Modern Japanese Art
June 4, 2006 11:59 AM   Subscribe

My earliest memory was when I was three. I had a fever and my mother was wiping a cold wet rag on my body. There were fish swimming in my room, as though I was underwater, but I could breathe just fine. That's why I was surprised to find this. "The contemporary art in Japan (english) is naturally influenced by the world contemporary art. But the power of the Japanese traditions, the oppressive presence of a dense urban environment and the various traumatism undergone by Japan for 60 years (defeat of 1945, Hiroshima, earthquakes, economic crisis, etc.) involve a production very rich, original and little known."
posted by sluglicker (6 comments total) 3 users marked this as a favorite

 
Awesome post.
posted by BackwardsCity at 12:11 PM on June 4, 2006


Very cool!
posted by meringue at 12:24 PM on June 4, 2006


What the hell is this?
posted by Acey at 1:14 PM on June 4, 2006


Acey, a peacock?
posted by BeerFilter at 1:20 PM on June 4, 2006


But the power of the Japanese traditions, the oppressive presence of a dense urban environment and the various traumatism undergone by Japan for 60 years (defeat of 1945, Hiroshima, earthquakes, economic crisis, etc.) involve a production very rich, original and little known.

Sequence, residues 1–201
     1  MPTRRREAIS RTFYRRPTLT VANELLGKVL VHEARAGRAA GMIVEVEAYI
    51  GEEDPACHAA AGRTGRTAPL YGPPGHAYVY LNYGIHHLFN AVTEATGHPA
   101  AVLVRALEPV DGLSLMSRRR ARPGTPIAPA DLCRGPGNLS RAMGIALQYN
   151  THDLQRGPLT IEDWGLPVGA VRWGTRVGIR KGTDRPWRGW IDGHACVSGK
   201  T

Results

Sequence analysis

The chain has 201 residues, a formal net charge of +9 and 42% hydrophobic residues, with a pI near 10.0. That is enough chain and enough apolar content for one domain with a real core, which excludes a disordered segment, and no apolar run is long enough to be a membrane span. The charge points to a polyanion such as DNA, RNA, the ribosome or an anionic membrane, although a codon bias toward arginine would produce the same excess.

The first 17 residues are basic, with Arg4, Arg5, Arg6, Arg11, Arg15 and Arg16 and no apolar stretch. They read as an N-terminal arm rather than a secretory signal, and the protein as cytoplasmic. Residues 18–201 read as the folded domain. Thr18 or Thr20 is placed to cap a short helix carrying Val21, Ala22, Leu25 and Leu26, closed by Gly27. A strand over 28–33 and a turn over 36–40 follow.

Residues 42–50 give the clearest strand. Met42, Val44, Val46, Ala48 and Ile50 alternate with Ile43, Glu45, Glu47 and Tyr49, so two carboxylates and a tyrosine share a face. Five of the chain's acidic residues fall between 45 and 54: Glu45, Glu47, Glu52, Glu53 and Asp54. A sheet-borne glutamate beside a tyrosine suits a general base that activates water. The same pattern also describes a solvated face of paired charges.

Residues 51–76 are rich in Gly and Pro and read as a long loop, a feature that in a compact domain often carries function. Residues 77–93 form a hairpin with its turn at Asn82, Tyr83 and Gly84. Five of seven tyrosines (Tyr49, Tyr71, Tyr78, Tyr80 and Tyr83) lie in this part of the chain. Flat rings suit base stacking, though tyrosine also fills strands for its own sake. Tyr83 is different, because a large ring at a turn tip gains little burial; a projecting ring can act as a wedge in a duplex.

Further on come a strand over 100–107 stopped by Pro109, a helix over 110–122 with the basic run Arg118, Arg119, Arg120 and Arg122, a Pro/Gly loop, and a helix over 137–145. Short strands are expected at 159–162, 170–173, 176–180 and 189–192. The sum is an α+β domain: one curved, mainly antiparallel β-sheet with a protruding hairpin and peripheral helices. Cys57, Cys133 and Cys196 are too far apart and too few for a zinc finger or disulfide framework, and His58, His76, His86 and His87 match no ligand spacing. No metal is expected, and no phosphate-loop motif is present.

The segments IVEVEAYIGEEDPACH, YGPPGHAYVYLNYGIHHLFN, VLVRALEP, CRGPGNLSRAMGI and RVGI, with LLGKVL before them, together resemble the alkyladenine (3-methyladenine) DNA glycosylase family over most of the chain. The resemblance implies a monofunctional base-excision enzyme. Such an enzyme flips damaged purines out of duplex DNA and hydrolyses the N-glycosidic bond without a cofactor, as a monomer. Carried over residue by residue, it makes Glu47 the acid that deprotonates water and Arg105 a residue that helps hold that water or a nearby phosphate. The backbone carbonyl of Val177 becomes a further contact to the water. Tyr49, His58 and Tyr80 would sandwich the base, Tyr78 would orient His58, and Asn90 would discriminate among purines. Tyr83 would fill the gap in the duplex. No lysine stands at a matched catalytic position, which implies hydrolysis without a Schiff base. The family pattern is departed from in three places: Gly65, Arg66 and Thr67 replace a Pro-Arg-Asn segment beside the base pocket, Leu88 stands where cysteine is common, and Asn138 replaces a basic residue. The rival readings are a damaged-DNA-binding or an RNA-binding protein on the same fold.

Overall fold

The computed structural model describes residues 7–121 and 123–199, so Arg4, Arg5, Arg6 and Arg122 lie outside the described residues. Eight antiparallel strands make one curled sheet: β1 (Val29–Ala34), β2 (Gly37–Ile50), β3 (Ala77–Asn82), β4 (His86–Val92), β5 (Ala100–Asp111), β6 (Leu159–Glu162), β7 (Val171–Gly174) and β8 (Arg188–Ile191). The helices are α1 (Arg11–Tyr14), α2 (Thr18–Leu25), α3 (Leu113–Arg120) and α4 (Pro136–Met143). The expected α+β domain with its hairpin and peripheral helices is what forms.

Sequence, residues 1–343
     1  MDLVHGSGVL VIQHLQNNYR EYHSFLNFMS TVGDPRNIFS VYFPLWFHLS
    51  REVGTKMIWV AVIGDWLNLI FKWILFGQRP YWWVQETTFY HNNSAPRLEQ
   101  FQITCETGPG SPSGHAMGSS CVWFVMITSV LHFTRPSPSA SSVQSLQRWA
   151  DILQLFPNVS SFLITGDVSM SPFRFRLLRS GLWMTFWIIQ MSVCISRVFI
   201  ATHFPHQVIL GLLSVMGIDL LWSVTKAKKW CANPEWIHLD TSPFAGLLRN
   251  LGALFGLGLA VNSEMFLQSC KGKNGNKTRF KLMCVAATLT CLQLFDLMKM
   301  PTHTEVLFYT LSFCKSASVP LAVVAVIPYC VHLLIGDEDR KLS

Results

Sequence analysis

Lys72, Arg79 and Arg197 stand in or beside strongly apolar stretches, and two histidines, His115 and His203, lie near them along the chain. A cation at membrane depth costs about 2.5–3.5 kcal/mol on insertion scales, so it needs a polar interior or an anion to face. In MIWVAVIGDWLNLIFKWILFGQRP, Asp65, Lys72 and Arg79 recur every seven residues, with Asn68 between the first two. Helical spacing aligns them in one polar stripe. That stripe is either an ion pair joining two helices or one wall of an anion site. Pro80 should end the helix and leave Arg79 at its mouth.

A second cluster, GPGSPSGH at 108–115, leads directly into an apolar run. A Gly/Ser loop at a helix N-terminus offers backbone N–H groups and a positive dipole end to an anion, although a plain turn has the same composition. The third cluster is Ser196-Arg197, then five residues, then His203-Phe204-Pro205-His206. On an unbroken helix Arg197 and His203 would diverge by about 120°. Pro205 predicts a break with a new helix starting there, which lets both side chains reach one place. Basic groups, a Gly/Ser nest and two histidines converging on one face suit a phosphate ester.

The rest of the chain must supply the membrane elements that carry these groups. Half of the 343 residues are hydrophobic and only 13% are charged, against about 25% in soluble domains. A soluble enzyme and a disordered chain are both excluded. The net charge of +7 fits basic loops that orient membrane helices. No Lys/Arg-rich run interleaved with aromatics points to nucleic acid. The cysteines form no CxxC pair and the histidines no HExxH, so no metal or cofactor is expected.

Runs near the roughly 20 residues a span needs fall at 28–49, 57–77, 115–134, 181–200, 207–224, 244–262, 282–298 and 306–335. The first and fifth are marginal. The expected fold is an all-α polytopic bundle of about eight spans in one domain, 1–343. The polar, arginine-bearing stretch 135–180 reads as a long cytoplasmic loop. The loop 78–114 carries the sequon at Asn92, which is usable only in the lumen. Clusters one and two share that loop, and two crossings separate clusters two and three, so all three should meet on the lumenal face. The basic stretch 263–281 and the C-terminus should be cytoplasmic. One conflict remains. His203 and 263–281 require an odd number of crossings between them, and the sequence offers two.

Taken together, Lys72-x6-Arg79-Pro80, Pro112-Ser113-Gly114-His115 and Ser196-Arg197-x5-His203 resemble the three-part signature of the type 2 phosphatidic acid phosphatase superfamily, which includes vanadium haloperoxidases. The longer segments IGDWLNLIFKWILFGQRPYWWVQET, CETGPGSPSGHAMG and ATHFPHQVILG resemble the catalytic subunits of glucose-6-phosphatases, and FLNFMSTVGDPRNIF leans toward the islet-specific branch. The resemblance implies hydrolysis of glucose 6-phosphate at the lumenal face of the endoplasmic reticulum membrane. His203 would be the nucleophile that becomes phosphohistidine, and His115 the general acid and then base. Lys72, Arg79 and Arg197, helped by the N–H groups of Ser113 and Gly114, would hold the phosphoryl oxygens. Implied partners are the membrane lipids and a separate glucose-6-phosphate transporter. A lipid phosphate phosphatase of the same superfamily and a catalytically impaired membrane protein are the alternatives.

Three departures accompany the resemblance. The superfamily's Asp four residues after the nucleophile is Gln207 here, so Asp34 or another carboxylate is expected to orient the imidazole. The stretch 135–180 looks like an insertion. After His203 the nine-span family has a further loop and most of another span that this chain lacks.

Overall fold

A rather sweeping, strange, and specious statement!
posted by dydecker at 3:14 PM on June 4, 2006


dydecker -- The statement that the "power of Japanese traditions, the oppressive presence... etc." may not be reflected in the art shown in these (still pretty interesting) links. But take a minute a think about the oeuvre of Miyazaki. Every word of that crudely worded "various traumatism" statement is relevent to Miyazaki -- the end all and be all of Japanese art in our time -- especially "very rich, original and little known." We live in the the age of Miyazaki, the way that 16th century Italians lived in the age of Leonardo, and 19th century Parisians lived in the age of (variously) Courbet, Monet, Manet, etc. I can't think of any other surpassingly great artist of our time whose work is so freighted with a nation's tragic history, its traditions, and peculiarities -- and yet feels so light, and is so uncannily uplifiting. All Japanese art is interesting now, because it partakes of the same time and history as Miyazaki's, and so, however indirectly, relates to it.
posted by Faze at 6:14 AM on June 5, 2006


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